That means a voltage of 400V RMS will be scaled down to 0.16 V = 160 mV RMS.

The voltage across the resistor R8 is amplified using OPA2191 differential amplifier from Texas Instruments, with a gain of 5.
The OPA2191 IC contains 2 independent op amps in one package which indicated in the circuit diagram by U3:A and U3:B. A bipolar supply of ±5 V is used to power the IC.
To get a negative voltage of -5 V I used TPS60403 60mA charge pump voltage inverter from Texas Instruments. The TPS60403 device automatically generates -5 V from the +5 V supply.
The 5V positive of the OPA2191 and the TPS60403 comes from the Arduino board.

The second op amp of the OPA2191 with resistors R7 & R9 are used to apply a gain of 0.5 and add an offset voltage of 1.024 V to the input signal. The OPA2191 also provides a low impedance source to the Arduino microcontroller ADC converter.
With the two op amp circuit gains (5 and 0.5) the overall gain of the circuit becomes:
5 x 0.5 x 1/2500 = 1/1000,
so with an applied sine wave AC voltage of 500 V the output will be 500 mV (707 mV peak).

The MCP1501-20 high-precision buffered voltage reference from Microchip is used to get a precise voltage of 2.048V which is then used as a positive voltage reference for the Arduino board microcontroller (ATmega328P) ADC module. Its filtered output is connected to AREF pin. This IC is also supplied from the Arduino board with 5V.

The 1602 LCD screen (2 rows and 16 columns) is used to display the RMS value of the applied voltage, it is connected to the Arduino board as follows:
RS —> Arduino digital pin 2
E   —> Arduino digital pin 3
D4 —> Arduino digital pin 4
D5 —> Arduino digital pin 5
D6 —> Arduino digital pin 6
D7 —> Arduino digital pin 7
VSS, RW, D0, D1, D2, D3 and K are connected to GND,
VEE to the 10k Ohms variable resistor (or potentiometer) output,
VDD to Arduino 5V and A to Arduino 5V through 330 ohm resistor.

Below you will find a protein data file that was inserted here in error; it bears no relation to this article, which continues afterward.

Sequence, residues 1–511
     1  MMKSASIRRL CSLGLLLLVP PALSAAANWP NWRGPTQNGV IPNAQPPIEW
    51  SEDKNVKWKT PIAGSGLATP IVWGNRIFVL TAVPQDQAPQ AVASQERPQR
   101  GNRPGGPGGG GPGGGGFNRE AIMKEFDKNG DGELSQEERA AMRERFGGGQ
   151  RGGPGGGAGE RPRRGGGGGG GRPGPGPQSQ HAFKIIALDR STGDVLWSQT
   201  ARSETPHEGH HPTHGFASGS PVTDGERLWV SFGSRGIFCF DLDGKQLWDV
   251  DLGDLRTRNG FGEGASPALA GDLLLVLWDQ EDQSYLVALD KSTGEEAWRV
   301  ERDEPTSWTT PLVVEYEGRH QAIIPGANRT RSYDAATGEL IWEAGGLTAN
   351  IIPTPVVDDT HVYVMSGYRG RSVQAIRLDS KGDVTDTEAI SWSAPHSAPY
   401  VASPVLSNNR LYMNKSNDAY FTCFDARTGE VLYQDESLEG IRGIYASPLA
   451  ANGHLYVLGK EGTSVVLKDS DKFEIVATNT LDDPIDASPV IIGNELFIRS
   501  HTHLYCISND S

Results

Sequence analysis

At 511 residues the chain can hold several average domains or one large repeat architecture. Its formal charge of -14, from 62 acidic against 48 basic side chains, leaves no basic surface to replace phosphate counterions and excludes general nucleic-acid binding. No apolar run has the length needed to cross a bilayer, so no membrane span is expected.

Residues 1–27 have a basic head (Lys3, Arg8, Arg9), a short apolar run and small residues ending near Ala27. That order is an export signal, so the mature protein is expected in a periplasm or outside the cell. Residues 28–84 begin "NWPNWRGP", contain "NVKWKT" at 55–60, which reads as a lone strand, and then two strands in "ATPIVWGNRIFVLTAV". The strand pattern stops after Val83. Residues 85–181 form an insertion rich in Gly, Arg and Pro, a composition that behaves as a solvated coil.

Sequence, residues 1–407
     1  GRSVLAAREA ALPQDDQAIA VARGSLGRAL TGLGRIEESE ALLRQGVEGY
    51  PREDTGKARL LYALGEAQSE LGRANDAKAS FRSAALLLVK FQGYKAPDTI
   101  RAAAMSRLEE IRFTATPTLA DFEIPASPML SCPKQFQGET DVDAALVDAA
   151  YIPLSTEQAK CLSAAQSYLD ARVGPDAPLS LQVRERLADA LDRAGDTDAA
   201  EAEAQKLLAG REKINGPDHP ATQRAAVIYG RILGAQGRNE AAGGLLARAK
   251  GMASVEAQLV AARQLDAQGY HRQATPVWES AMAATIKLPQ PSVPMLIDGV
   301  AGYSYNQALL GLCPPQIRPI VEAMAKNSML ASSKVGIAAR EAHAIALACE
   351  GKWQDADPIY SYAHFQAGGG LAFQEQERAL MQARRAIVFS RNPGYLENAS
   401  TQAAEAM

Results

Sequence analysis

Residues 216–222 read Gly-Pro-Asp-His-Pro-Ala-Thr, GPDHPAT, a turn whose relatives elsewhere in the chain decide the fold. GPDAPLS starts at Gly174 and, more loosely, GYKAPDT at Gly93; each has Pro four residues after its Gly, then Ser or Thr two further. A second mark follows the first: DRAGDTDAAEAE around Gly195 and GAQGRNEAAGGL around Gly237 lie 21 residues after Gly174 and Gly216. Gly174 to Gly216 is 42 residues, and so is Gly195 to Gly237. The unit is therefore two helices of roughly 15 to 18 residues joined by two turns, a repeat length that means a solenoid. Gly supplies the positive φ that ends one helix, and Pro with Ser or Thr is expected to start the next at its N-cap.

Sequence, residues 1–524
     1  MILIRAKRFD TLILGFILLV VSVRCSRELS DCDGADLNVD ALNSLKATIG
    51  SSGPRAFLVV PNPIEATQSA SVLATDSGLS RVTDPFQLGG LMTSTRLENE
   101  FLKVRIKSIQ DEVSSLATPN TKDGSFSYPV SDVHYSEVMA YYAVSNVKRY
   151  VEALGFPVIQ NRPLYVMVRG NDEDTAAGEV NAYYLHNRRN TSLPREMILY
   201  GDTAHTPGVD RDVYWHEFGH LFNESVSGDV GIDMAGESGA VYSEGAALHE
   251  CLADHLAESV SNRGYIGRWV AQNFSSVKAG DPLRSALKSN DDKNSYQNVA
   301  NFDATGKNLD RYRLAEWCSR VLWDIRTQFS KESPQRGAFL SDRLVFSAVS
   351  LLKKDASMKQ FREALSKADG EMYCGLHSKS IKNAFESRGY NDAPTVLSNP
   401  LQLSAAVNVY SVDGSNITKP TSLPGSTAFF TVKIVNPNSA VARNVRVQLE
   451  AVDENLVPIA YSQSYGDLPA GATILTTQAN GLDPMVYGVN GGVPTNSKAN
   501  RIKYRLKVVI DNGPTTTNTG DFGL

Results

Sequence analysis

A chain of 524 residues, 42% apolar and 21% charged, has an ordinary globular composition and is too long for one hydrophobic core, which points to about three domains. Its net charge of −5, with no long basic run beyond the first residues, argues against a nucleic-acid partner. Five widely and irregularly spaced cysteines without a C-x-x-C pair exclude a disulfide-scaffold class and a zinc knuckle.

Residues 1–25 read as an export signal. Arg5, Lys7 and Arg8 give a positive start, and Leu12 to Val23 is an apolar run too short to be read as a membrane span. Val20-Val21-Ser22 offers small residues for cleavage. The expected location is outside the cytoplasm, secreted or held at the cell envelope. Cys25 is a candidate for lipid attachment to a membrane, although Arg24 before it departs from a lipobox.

VEE pin is used to control the contrast of the LCD. A (anode) and K (cathode) are the back light LED pins.

AC Voltage measurement with Arduino board and LCD code:
Project code is the one below, it was tested with Arduino Nano board.
This Arduino code calculates average and RMS values of AC signals, the average value is just used in the RMS calculations. The MCU only shows the RMS value of the applied voltage on the LCD and serial monitor.

Simply the average (mean or DC offset) value in discrete-time is the sum of all sample values divided by number of samples:

mean value equation

and the RMS value in discrete-time can be calculated using the following equation:

RMS value equation

The Arduino uno and similar boards microcontroller (ATmega328P) contains a 10-bit ADC module, with a positive voltage reference of 2.048 V, a 0 V is digitally represented by 0 and a 2.048 V is represented by 1023.

Programming hints:
As we have a 10-bit ADC module working in the range [0, 2.048V], the MCU makes 64 samples every 1 cycle and save the sampled data in an array named _array.

For a 50 Hz signal the period is 20 ms, the MCU takes one sample every 20000/64 = 312.5 us. I used Timer1 compare match interrupt every 312.5 us to initiate a new analog to digital conversion and once the conversion is complete ADC interrupt saves the digital value on the the array variable _array. The array element is incremented every new reading until the filling of all elements and the completion of the cycle.

The Arduino microcontroller runs @ 16MHz (16 MIPS), to get an interrupt every 312.5 us Timer1 is configured to work also @ 16MHz clock (prescaler = 1), this means Timer1 will make 5000 ticks in a duration of 312.5 us (16 x 312.5 = 5000).

For a 60 Hz waveform the period is 16.67 ms and Timer1 needs to make 4167 ticks.

Full Arduino code:

The following small video shows my DIY circuit for this project where an Arduino Nano is used: